I have mentioned a number of times that Miles Warrender has a jockey partner and this seems to be key to the workings of Bet Raider. Going by the pseudonym of Pat Quince, he supposedly has become frustrated with “the hierarchy of the horse racing industry and how punters are often left out of pocket”. This combined with a chance meeting led to a “secret partnership” whereby exclusive tips wold be sent to punters.

This of course became Bet Raider. You will note that none of this actually tells us anything about how Bet Raider actually works with the only real insight being a reference to “insider information and crack betting know how”. This is significantly less information than I would have liked.

What is the Initial Investment?

Miles Warrender claims that normally, Bet Raider wold retail at £299.95. The copy goes on for some time claiming that in his generosity, this number dropped to £150, then £75 before settling on the actual price which is £37. Of course, I don’t buy any of these supposed numbers in the slightest.

It is worth noting that Bet Raider is sold through Clickbank which means that there is a full 60 day money back guarantee in place for the service. To credit Miles Warrender, this fact is very widely advertised as well.

What is the Rate of Return?

The headlining figure for Bet Raider is that you can make in excess of £125,000 per year through betting. This is backed up by a questionable screenshot which shows a William Hill account with just over £127,000 in it. We are then told that you will make more than £10,000 per month which is backed up by an equally questionable picture of a Betfair account with £11,665.25 in it. The same figure that we will supposedly make next month.

Conclusion on Bet Raider

There are a few points that need to be made about Bet Raider in my book. The main one that I want to address is the lack of evidence. Ignoring that the sales material seems to be more concerned with convincing you that you will get money for nothing (and also includes my pet hate, stock images of luxury items that you will supposedly be able to afford), there are much deeper problems than this.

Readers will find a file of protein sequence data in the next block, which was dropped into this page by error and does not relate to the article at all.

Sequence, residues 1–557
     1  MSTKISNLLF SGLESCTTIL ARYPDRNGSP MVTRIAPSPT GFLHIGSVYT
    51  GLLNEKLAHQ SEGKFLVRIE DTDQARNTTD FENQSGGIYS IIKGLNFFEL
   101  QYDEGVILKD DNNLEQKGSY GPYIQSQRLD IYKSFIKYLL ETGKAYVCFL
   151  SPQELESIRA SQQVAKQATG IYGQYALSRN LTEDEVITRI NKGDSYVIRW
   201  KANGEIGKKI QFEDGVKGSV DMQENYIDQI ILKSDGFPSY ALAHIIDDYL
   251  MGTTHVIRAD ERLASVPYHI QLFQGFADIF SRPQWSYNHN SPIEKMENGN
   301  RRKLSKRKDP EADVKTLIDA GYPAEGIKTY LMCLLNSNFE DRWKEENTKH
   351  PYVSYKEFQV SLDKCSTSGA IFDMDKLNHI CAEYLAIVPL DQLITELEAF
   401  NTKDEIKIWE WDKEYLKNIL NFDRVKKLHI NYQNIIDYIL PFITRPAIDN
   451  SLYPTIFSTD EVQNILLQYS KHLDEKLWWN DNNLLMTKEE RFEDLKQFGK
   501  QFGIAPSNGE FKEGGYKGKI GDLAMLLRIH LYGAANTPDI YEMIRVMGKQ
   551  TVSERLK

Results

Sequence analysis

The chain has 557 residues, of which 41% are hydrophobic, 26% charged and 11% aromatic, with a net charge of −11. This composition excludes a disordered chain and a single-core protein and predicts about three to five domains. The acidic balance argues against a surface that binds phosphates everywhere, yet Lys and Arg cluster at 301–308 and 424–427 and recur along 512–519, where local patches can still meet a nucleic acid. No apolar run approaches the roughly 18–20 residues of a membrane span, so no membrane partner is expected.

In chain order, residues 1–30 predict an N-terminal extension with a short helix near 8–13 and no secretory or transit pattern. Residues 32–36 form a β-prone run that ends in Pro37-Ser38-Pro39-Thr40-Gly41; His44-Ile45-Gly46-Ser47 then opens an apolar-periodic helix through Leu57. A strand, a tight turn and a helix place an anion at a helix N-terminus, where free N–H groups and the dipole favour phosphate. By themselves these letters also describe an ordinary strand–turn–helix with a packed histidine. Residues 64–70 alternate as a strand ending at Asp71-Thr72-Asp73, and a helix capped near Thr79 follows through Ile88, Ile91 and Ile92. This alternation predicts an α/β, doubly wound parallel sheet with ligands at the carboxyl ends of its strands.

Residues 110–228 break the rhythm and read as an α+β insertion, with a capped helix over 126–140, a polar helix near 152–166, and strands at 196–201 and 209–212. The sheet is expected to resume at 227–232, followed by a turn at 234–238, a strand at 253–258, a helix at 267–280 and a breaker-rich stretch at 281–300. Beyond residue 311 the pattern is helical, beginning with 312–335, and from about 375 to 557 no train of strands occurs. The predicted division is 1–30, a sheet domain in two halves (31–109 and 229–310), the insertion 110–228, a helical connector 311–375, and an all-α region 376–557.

The staking plan that is in place is something that works on paper. I can see how somebody has sat down, worked this out and gone, yeah, that’ll work. The problem is that putting these things into practice is a very different equation.

In the case of Bet Raider, the staking plan just doesn’t seem to have been particularly rigorously tested, and if it has, there isn’t any evidence of this. I also take exception to the lack of proofing which I consider to be essential if you actually want a tipster service to be taken seriously.

Unfortunately, this isn’t where things end. I am nothing if not meticulous when it comes to investigating a service and I have to be blunt. The vendor who is selling Bet Raider has put out numerous other tipster services and betting systems in the past. These have included rehashes of old products that have failed spectacularly. Frankly, there is no pedigree behind Bet Raider that leads me to believe that this is an entirely legitimate tipster service.

For £37, I know that there will be some people who will likely give Bet Raider a punt, and with the money back guarantee in place I can appreciate that there isn’t inherently a lot of risk here.

For my money though, I would give Bet Raider a very wide berth. The only thing that I can see happening long term is that the service will slowly bleed away your betting bank, only to be quietly closed down once the 60 day money back guarantee has passed.

Comments (1)

Miles Warrender, Grey Samuels and Simon Fox are all linked.Could be they are the same person! Sc*m system yet again. Stay clear of Bet Raider, Coup Master and Fox Bets. They are all designed to take your money.

Leave a comment

From: Simon Roberts